How many 10k hours do you have left?

It takes 10,000 hours to become an expert at something. A generalisation, of course. And here’s another: As people age they stop believing they have time to master new things. I think this is bollocks. I am an advocate for always learning and mastering new things.

Urged on by my recent revelation that I can now code [!] (I’m building a responsive website at the moment) I thought it would be interesting to calculate exactly how many sets of 10,000 hours’ spare time we all have left. I.e. How many things you have time to become an expert at. Clearly, these are generalisations, but they should at the very least give you some confidence.

If you’re 30 years old, you have 55,296 spare hours left (you can become an expert in over five new things)
Even if you’re 50, you have 38,016 spare hours left (that’s nearly four new things you can master in your lifetime)

Here’s the maths (explained underneath in more detail):

I based this on the UK’s average life expectancy of 79.5 years, and a retirement age of 65.
‘Spare time’ was then calculated for pre-retirement and post-retirement years…

For pre-retirement years, I’ve based it on spending two hours per weekday and four hours per weekend day. Post-retirement, I based it on spending six hours a day for six days of the week. I realise this is a lot of time, but it requires some obsessiveness to really master things. I have allowed time for family and friends and for both pre- and post-retirement, I allowed 4 weeks’ off for holidays.

I haven’t taken into account illnesses. But these are just ballparks.

You can work out how many things you have time to become an expert in by replacing the y in the equation with your age:

No excuses. It’s not too late to learn. Go and master something new.


Update: James Pryor made a calculator :)

8 comments
  • Isaac Pinnock

    Let’s just hope that the speed at which you can learn is a constant throughout your life and not something that tapers off dramatically as you get older! Wonder whether there’s a point in your life when you’ve accumulated enough life skills that you can learn faster but after that you’ve reached ‘peak learning’ and then it’s a slow decline?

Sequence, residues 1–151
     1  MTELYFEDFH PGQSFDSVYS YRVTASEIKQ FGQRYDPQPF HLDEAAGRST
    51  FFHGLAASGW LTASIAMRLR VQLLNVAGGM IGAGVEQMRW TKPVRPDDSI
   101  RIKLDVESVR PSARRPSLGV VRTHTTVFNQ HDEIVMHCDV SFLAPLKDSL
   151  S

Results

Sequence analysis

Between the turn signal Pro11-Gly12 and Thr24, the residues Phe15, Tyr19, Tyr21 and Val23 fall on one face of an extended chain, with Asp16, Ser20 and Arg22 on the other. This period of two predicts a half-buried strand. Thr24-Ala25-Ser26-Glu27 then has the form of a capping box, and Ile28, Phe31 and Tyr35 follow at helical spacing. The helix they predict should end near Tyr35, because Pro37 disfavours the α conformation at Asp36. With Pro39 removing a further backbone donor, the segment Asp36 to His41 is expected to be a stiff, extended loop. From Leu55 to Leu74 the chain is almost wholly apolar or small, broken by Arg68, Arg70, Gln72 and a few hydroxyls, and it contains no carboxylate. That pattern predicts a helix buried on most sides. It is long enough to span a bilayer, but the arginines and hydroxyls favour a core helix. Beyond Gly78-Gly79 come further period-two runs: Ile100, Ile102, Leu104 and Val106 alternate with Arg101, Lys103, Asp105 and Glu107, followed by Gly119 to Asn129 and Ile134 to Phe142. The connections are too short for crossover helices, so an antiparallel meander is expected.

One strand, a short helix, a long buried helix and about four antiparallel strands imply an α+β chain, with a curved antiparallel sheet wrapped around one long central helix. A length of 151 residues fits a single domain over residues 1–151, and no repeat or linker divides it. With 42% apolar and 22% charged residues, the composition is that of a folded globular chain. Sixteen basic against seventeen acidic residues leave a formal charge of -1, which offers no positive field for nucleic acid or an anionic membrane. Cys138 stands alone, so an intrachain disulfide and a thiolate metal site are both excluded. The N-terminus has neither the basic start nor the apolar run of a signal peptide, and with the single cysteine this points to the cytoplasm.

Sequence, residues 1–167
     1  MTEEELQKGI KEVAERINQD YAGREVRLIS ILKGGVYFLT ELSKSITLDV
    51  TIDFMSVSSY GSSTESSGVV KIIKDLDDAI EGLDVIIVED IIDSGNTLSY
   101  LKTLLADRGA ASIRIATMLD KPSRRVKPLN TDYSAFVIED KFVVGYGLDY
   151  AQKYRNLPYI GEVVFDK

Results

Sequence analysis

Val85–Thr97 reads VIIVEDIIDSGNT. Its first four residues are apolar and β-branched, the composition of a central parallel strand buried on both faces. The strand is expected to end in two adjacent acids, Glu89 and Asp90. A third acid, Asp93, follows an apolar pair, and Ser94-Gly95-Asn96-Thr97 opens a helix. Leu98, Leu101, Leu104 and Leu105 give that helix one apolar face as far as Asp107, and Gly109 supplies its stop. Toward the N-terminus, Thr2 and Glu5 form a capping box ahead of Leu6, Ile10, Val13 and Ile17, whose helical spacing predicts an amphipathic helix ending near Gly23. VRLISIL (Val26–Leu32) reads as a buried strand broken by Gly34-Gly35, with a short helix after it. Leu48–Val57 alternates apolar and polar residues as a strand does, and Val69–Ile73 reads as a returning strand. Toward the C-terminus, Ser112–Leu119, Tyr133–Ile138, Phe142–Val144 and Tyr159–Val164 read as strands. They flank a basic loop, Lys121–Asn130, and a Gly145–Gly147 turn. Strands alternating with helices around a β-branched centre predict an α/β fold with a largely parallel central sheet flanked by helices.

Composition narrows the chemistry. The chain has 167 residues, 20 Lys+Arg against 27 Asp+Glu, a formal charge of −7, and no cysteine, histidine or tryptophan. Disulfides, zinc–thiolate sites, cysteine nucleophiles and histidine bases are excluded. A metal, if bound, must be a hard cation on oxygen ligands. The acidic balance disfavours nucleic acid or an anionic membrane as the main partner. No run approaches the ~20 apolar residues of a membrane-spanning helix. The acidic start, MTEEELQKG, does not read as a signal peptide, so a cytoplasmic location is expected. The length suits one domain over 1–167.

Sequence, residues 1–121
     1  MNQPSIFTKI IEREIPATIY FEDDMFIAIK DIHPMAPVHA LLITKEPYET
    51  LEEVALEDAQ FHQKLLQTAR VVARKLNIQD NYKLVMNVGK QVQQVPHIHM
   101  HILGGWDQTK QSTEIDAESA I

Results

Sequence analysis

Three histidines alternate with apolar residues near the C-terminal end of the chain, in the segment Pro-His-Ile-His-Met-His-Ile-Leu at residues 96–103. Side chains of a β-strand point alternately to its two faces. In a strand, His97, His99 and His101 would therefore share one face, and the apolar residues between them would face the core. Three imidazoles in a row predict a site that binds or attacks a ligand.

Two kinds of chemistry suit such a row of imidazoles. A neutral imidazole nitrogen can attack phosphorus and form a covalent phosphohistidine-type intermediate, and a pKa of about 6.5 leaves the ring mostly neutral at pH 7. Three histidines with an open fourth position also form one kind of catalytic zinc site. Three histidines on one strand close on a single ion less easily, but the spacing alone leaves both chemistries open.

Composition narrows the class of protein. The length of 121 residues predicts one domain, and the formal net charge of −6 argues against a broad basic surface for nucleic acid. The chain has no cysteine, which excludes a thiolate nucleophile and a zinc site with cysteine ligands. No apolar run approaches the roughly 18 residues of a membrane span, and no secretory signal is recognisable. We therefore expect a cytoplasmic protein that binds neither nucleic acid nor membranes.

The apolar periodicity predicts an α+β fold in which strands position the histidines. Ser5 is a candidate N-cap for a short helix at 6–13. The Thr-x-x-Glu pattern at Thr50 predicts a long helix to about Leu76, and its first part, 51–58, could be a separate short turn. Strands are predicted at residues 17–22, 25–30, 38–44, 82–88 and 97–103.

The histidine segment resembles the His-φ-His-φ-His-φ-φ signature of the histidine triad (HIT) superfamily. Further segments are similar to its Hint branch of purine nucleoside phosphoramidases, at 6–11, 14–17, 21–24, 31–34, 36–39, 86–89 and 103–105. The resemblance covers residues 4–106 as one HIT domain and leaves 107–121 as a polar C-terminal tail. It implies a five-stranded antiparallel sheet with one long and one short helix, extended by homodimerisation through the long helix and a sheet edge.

• http://www.nowincolour.com/ Andy

    I did think about adding in an ageing variable. Probably also depends on what sort of skills you’re trying to master.

  • Michael Fruen

    You’re learning to code web apps and you have this fantastically shareable and inspirational algorithm that only needs one number plugged into it? Good sir, please build a web-based ‘expertise calculator’ before someone else does – they’re really fun mini-projects!

  • http://www.twitter.com/bennesvig Ben Nesvig

    It could possibly be shorter if the things you’re mastering relate to each other. With each new thing you wouldn’t be starting from scratch.

  • http://www.twitter.com/bennesvig Ben Nesvig

    It could possibly be shorter if the things you’re mastering relate to each other. With each new thing you wouldn’t be starting from scratch.

  • http://www.nowincolour.com/ Andy

    Not sure my coding skills go quite that far yet Michael ;) One step at a time! Happy to repost here if someone else builds one though.

  • http://www.nowincolour.com/ Andy

    Hi Ben. I daren’t dissect this too much. It’s pseudo science and the whole thing would crumble. The post really serves just as a reminder that we have time to be brilliant at things we’re yet to try. But everyone likes an equation don’t they.

  • Rajagopalan C

    It pepped me up. thanks